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Mental health worker speaks of his depression

PUBLISHED: 07:00 15 April 2010 | UPDATED: 09:43 02 July 2010

Stephen Pullinger

Manning a mental health awareness display, James Butcher is the last person you would think of suffering from depression.

Positive, full of energy and with an easy smile he is the embodiment of someone who seems on top of his job and life in general.

Manning a mental health awareness display, James Butcher is the last person you would think of suffering from depression.

Positive, full of energy and with an easy smile he is the embodiment of someone who seems on top of his job and life in general.

But when patients he meets in his role as support worker at Yarmouth's Northgate Hospital tell him he does not know how they feel, he can confidently reply: “Yes I do.”

For little more than 10 years ago, James, 37, was a high-flying store manager taking rapid promotions in his stride as he was moved around the East of England.

But although he loved his job and was regarded as one of the company's rising stars, he recalled the day he arrived at work and decided he could not do it any more.

He said: “I went off sick for two weeks and never went back. Initially I was diagnosed as suffering from stress and then doctors said I had anxiety and depression. After a while they realised I was seriously ill and needed help.”

James, speaking as he manned the display at in Great Yarmouth's Market Gates shopping centre, recalls how he sank further into depression and ended up in Hellesdon Hospital, near Norwich for three months before he responded successfully to drug therapy.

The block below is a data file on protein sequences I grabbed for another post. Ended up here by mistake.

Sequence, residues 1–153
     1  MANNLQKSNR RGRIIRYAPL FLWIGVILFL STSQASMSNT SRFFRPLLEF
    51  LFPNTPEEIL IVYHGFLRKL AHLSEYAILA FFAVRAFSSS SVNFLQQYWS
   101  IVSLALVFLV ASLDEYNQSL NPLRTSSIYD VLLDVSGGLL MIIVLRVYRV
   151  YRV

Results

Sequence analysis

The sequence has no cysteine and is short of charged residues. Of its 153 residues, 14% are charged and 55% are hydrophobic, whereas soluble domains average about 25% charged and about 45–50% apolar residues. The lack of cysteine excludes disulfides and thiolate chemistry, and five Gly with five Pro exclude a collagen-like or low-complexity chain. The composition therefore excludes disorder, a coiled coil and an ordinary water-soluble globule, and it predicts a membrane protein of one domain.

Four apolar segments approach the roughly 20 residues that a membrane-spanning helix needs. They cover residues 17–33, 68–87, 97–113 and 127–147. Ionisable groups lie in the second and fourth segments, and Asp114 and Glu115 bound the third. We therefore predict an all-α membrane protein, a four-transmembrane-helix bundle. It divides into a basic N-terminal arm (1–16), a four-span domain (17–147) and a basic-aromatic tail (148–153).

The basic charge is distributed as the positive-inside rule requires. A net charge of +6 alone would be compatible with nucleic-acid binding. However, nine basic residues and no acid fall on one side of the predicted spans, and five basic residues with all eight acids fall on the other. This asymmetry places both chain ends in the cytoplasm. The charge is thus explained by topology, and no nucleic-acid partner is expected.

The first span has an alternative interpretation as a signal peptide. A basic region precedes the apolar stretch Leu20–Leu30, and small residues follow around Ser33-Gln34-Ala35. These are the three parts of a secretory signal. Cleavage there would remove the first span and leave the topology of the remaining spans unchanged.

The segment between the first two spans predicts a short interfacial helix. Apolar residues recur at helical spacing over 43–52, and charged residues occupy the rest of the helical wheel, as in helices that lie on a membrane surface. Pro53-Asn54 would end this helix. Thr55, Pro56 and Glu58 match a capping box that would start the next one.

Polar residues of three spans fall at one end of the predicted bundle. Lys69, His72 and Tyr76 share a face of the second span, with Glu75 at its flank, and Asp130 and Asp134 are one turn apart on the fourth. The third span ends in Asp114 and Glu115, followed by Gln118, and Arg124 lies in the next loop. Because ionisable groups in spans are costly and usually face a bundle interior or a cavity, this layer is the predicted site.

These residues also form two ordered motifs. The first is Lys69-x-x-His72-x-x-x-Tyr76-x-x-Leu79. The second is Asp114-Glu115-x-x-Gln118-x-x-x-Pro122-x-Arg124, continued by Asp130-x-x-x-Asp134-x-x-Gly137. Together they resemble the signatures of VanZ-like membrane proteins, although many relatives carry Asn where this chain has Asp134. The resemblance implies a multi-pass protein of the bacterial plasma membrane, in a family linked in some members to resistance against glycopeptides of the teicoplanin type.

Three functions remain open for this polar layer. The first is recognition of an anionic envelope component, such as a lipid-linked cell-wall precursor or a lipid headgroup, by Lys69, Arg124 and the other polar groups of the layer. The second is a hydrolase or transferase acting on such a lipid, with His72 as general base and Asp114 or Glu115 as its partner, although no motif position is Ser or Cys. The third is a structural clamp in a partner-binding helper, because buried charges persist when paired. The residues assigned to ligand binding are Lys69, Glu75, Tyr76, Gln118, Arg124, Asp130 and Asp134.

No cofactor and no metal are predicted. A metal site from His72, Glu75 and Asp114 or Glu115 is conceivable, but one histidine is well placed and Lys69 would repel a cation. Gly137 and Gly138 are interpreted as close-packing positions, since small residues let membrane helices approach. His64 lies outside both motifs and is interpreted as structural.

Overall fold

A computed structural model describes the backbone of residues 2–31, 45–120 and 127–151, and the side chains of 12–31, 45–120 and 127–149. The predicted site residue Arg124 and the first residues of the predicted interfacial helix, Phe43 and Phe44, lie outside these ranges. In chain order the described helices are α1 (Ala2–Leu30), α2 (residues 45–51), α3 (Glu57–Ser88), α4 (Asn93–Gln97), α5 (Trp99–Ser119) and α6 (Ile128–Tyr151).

He said: “I resigned from my job but my experience is proof that there does not have to be any stigma attached to mental illness. When I felt well enough I applied for three jobs, being totally honest about my illness - and I was offered all of them.”

After a spell working for Norwich Union, he joined the mental health team at Northgate Hospital five years ago.

“The job specifically requested someone who had gone through mental illness and I thought it would be a way of making some sense of what had happened to me,” he said.

Working on the acute ward, which has more of a homely than a hospital atmosphere, James underlines how far treatment has progressed since his experience.

“The approach is far more holistic nowadays involving a whole team of people, including nurses, social workers and occupational therapists,” he said.

“We will look at someone's housing and other things that could have contributed to their illness.”

Admitting someone to hospital was not the only route these days; often it was possible to treat people at home or even in their workplace.

James said although his own illness had seemed inexplicable at the time, with hindsight he could recall growing telltale symptoms such as interrupted sleep patterns and loss of appetite.

He urged people to take heed of such early warnings and not be afraid to seek help from their GP.

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